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June 17th is the annual World Crocodile Day. Why celebrate crocodiles and what do they mean to the Cayman Islands?
There are four groups of crocodilians (crocodile-like animals): Alligators, Caimans, Gharials, and Crocodiles themselves. There are 13 species of crocodiles today spread around the world’s tropics, from the Indo Pacific Saltwater Crocodile, the largest reptile on Earth, growing up to 23 feet long, to the West African Dwarf crocodile growing to less than 5 feet.
Notwithstanding what movies may portray, crocodiles are an important part of the ecosystem, playing a role similar to that of the ocean’s sharks in our swamps, lakes, and rivers. They control numbers of fish and other animals inhabiting these ecosystems to prevent overcrowding and overgrazing, as well as removing injured and diseased animals and carrion.
The presence of crocodiles as an apex predator can indicate a healthy ecosystem. As man encroaches more and more on the natural world, it is important to consider that what is detrimental to the crocodile can also impact all the other wildlife of that ecosystem. It would also be prudent to keep in mind that crocodiles are powerful predators and like all wild animals should be treated with caution and respect and not let irrational fear guide our perception of these ancient survivors of the age of dinosaurs.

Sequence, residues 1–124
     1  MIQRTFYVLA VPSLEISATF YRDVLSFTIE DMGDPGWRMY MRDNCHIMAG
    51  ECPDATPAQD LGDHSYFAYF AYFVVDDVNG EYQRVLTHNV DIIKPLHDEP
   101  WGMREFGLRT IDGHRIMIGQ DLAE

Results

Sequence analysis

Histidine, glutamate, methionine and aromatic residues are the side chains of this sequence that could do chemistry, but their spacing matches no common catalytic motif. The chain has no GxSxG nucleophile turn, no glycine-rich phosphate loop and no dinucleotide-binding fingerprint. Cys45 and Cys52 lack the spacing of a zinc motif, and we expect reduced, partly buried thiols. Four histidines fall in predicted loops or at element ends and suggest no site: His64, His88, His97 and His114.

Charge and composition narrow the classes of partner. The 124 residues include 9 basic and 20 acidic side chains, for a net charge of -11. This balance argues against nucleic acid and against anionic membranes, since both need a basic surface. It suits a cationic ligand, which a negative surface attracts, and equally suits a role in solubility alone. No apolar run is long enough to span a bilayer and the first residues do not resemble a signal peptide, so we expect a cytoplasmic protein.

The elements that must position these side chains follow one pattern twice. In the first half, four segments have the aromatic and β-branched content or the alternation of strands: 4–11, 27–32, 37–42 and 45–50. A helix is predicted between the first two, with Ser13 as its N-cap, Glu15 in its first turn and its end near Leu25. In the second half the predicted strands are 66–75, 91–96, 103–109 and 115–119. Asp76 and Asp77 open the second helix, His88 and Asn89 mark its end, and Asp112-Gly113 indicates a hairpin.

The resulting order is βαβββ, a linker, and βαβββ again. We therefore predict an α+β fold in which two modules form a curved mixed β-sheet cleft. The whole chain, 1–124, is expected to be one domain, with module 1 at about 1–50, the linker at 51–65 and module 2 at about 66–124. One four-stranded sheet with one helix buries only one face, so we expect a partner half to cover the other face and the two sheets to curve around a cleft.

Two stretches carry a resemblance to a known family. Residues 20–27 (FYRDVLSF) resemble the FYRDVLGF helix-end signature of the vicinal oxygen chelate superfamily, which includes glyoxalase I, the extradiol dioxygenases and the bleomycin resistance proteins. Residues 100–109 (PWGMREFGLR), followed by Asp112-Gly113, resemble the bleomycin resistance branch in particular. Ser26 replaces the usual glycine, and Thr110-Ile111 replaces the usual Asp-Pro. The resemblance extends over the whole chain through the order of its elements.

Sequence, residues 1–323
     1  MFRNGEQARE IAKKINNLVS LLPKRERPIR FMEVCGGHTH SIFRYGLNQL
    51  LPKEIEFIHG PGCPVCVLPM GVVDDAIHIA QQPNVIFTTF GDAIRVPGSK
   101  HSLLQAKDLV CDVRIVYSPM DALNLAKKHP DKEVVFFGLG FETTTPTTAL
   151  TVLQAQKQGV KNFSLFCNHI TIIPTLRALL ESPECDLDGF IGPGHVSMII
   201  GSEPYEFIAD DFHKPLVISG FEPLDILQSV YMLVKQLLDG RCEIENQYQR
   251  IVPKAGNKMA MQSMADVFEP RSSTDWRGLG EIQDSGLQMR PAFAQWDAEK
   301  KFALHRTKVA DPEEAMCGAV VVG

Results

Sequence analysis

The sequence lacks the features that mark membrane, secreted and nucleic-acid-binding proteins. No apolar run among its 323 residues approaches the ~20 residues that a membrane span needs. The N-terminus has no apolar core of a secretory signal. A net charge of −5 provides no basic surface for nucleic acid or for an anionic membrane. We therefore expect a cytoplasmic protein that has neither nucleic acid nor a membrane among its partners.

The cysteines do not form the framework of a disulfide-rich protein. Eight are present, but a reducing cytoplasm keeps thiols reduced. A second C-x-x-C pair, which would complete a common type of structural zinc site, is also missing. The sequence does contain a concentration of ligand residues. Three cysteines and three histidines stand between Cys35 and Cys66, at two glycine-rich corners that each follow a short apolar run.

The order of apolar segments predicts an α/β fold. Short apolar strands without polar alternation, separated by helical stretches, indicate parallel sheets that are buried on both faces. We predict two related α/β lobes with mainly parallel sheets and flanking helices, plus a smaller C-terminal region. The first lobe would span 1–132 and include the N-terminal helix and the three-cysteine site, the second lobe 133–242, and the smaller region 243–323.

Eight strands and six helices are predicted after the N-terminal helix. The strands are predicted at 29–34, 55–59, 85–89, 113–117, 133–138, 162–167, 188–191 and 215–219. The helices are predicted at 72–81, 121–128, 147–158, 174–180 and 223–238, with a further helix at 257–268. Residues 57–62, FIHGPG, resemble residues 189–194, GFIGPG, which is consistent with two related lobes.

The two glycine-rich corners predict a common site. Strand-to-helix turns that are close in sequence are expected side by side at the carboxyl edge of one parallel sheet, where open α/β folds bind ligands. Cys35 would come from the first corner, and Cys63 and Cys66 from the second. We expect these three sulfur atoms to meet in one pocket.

Regarding the Cayman Islands, the fossil record indicates that two crocodile species once inhabited these islands: the Cuban crocodile and the American crocodile. Historic records indicate in 1526 the islands’ name changed from “Tortugas” to” Caymanos” in honour of the resident crocodiles. If it were not for the presence of these animals we would probably still be known as “Las Tortugas”!
Crocodiles still inhabit the Cayman Islands today but are extremely rare. Smiley, one of the last Cayman crocodiles, has been resident at CTC since her discovery and rescue off Grand Cayman’s North coast in December 2006. At over 11 feet long and estimated between 350 – 400 lbs, she is possibly Cayman’s largest native (non-marine) wild animal and a reminder of the days when crocodiles ruled these islands for which they are now named.
In celebration of World Crocodile Day, we invite you to visit CTC on Thursday 17th June or join us online at 12 PM noon to meet Smiley the Cayman Crocodile, hear her story and witness a croc feeding display.